This year’s Shanghai Motor Show proved that the rate of progress of China’s motor industry is outweighed only by its ambition. The Chinese car market is expected to become the world’s second largest within a few years, and by then the Shanghai show itself should be the world’s third biggest after Detroit and Frankfurt, said its organisers. China’s oldest luxury maker, Honqi, reflected that sense of ambition with a design concept that most observers doubted they’d ever see – a Chinese interpretation of Rolls-Royce’s magisterial Phantom 2. At 6325mm long, 1990mm wide and sitting on a 3900mm wheelbase, the Honqi HQD is even more noticeable than the Rolls thanks to its slabbier styling, squared-off front wings and immense grille.
Honqi, better known as Red Flag after years of supplying transport for China’s ruling Communist Party, said the HQD is intended to show how a Chinese luxury saloon could fit into today’s more commercial market. Power is expected to come from a 6.0-litre 12-cylinder engine.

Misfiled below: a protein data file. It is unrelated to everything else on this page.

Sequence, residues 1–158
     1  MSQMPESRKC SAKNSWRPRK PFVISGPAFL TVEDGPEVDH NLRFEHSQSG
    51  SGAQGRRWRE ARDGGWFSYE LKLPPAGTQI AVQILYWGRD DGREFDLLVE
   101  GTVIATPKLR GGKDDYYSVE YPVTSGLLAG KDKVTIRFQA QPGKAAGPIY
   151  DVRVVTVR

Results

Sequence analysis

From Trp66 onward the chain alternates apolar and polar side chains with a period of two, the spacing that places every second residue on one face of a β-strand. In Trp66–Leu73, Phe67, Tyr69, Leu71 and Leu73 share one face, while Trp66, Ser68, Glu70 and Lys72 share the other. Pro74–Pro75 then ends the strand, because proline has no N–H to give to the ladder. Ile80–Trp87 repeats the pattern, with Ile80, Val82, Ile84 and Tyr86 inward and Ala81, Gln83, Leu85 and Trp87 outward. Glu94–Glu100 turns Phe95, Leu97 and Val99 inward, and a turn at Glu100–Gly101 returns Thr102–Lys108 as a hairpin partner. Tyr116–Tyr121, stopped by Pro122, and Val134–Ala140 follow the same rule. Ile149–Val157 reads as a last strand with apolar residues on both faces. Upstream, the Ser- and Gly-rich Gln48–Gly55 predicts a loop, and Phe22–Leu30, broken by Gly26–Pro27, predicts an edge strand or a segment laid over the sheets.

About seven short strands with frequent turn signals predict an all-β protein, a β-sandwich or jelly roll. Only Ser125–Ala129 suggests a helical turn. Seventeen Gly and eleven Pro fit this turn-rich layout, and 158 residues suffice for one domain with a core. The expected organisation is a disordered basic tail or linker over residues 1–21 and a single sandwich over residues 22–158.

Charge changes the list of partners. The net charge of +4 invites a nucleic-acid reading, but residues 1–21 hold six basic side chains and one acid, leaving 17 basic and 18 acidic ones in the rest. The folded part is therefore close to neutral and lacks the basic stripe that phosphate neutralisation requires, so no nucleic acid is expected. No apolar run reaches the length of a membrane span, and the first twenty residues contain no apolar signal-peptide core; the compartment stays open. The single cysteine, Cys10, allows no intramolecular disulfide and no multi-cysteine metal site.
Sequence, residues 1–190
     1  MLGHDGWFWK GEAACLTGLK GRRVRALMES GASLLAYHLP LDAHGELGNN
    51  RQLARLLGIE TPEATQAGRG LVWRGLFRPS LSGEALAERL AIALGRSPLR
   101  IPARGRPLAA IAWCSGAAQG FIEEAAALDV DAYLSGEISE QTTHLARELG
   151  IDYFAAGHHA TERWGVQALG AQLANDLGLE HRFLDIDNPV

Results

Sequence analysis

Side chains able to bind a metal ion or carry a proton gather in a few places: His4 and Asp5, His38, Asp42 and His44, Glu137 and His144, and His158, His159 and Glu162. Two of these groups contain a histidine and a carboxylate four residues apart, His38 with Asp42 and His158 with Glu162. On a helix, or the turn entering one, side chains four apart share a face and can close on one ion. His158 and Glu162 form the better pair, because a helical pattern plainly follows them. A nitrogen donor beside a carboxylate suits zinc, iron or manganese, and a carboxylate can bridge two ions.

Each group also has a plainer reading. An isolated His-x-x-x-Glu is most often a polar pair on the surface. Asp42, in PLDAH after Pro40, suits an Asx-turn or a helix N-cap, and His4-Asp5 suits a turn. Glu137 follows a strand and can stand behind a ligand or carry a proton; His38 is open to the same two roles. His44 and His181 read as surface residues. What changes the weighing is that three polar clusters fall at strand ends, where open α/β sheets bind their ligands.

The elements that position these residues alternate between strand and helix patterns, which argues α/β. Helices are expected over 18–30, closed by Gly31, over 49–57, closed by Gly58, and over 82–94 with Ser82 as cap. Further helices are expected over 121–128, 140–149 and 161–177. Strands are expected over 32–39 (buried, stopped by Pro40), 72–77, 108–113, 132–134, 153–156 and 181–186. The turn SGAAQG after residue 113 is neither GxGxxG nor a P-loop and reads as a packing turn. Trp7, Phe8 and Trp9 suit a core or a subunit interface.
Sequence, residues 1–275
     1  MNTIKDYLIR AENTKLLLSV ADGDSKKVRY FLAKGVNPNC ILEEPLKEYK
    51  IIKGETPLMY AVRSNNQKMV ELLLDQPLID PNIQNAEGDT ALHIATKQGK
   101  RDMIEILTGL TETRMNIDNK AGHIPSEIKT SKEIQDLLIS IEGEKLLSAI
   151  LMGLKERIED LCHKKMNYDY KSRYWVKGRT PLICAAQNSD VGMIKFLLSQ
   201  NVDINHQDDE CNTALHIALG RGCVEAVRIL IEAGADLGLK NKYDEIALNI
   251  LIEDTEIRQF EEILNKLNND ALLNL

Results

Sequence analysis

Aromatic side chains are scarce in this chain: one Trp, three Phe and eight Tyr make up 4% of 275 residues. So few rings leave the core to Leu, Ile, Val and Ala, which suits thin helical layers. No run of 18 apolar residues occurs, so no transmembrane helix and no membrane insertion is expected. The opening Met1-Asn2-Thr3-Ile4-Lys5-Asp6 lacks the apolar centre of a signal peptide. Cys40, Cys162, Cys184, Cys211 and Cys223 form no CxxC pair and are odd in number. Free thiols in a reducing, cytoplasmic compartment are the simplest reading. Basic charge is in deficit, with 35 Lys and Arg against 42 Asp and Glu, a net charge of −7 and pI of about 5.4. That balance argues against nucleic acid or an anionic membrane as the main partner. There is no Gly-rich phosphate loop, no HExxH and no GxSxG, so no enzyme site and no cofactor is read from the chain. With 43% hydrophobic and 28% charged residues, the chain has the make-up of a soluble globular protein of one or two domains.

A Rolls-Royce spokesman said the company ‘knew nothing’ about the HQD. BMW design chief Chris Bangle seemed intrigued, however: ‘I’d just like to find out some more,’ he said.
Rival designer Olivier Boulay, currently running Mercedes’ Tokyo think-tank, was more charitable. ‘I think this is great,’ he said. ‘It’s honest to the Chinese and to Red Flag’s heritage.’ The HQD is expected to go into production ‘before 2008.’
Honqi also took the wraps off the HQ3, a more ordinary-looking saloon based on the Toyota Crown, and the seven-seater Century Star.
Chery also had some interesting fruit at Shanghai. Among them were a new CC-style sports car, the M14, and the S16 (right), a conceptual replacement for the controversial QQ that brought about a law suit from General Motors over its similarity with the Chevrolet Matiz.